Of course I didn’t have the three weeks I had in Malawi, but the two hour escorted tour they gave me here was enough to get quite a good impression. Shooting in Peru is quite a challenge as the light outside, even with rain, is so bright I often have to close down to f4 even when using the Monochrom at ISO 320. Inside on the otter hand I find myself shooting at ISO 1000 with a shutter speed of 1/60 on f2. The difference is huge and it’s a pain, when something happens outside while I was just shooting one of the bedrooms, I still forget to switch sometimes.

Here in Cuzco they make a clear difference between ensured people and people with no money at all. Still they help everybody that needs the help of proper doctors and nurses. Just as in Africa it’s hard to see the rough conditions they live in. But for some reason the patients were very open and friendly. Also the staff tries their best to give the people a proper schedule for the day. Because of the rain, most activities were inside today. Making christmas cards, decorating the rooms for the holidays… that kind of things. Not everybody joins these activities (a lot of them don’t actually) but you can see the effort the staff makes.

Because there was only little time, I’ll probably head back there somewhere at the end of this week to do another hour or so, joining the medication round, some meeting or anything else that I will bump into. In any case I’m quite happy that my own special projects can still continue while I’m doing my job.

Moving around...

As I’m not yet getting the contacts I want/need, to work on the reportage I had planned. I’ve been sitting around a lot the past week. I’ve been in Juba for the past seven days and had numerous meetings and appointments with people that might be able to help me but I haven’t come far just yet. I did learn some new quotes like: “In Africa waiting is an activity” or “ You westerners all have watches, but us… we have the time”. They’re insightful and I learn a lot from them, but nothing has happened just yet. Of course I’ll keep on trying and it taking this long, was something to expect when picking a topic that is as delicate as gender based violence. But today I got tired of staying in the surroundings I’ve stayed in all this time. I needed to get out.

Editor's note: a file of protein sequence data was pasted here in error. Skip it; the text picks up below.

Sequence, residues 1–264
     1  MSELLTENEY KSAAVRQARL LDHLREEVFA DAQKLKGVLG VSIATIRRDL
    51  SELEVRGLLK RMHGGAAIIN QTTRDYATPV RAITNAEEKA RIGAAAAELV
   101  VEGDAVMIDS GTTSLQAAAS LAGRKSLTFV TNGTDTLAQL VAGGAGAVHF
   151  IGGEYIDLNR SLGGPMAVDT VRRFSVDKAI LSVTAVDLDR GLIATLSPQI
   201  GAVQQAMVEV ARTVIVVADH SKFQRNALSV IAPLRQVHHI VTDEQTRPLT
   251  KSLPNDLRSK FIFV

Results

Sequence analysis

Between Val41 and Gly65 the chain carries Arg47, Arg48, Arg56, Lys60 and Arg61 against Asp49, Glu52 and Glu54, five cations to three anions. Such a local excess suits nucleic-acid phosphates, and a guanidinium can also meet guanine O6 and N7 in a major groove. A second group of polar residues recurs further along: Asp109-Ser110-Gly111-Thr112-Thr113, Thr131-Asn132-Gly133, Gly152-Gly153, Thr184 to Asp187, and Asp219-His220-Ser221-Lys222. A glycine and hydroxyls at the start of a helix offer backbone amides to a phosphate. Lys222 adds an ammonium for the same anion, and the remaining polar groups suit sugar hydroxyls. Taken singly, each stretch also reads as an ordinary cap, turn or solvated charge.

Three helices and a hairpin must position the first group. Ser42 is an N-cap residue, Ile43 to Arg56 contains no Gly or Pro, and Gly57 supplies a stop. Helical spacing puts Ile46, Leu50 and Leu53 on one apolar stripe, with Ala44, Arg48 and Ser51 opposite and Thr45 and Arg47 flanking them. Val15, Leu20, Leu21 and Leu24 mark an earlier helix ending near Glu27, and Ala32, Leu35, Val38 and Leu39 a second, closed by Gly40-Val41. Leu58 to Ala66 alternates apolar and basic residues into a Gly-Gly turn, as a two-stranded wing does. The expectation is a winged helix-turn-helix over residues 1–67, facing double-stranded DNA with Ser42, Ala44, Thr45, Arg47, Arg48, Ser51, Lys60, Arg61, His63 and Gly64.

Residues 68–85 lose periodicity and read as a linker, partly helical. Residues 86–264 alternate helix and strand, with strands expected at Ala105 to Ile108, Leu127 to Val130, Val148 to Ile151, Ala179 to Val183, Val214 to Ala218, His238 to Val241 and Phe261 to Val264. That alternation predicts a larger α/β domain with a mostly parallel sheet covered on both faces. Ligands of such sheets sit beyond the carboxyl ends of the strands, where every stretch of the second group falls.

Luckily a friend I met here offered to drive me to the desolate villages on the outskirts of Juba. The ones that are left empty after the fights of December last year, the ones that have been broken down, looted and burned out. 

Slowly some people are returning though, and a few even never left. It’s kind of eerie to walk around on these grounds and I was glad my companion could speak some arabic so we could have some communication with the few people we met and the soldiers that stopped us along the way.

It’s strange for me to be this careful when doing my job. Always ask permission, never walk around with the camera out of the bag, basically making sure that you are as inconspicuous as possible. A though job being 1.90 m, full of tattoos and white. As a consequence of this, most pictures I’ve taken up till now are posed or people are very aware I’m there. I didn’t tell them how to sit or stand, but people just tend to pose when you ask them if you can take their photo.

Also it’s a strange revelation to notice that, up to now, I struggle with the choice of monochrome or color. I’ve always been and still am a huge fan of black & white. But these surroundings, despite the horrific history, just scream to use color. 

Well, at least I’ve been able to do a little bit of what I came here for. And like I said, I’ll keep on going to try and get the story on sexual violence that I came for. For now, I’ll just settle and take in the stories and surroundings that I encounter.

Just to be clear: The women in these pictures, to my knowledge, have not been victims of gender based violence or indicated such in any way. I haven’t spoke to them about this nor did I ask, as this wasn’t the time nor the place and I didn’t have a proper translator with me.

Sequel to the previous post...

Upon request I’m writing a short sequel on my previous post. This time with some of the photos in black and white. It’s strange to see what it does. For me both are nice pictures, I’d like to think both are beautiful, but both bring up a complete different story. Which to me is quite logical as I had two different feelings struggling there when I walked around. On the one hand the eerie feeling of the short history that burdens this place… Black & White enhances this, the drama, the emptiness… On the other hand the resilience of the people that return to their houses and, even with the little means they have, try to continue their previous live or start a new one. Because of this feeling of duality, I have to admit it’s hard for me to choose whether to go for color or black and white. I guess it depends on which story you want to tell. Fortunately in this case I don’t really want to tell a story except for how this morning and afternoon made me feel. I guess I’ve done just that by not writing one, but two blogs on the same pictures.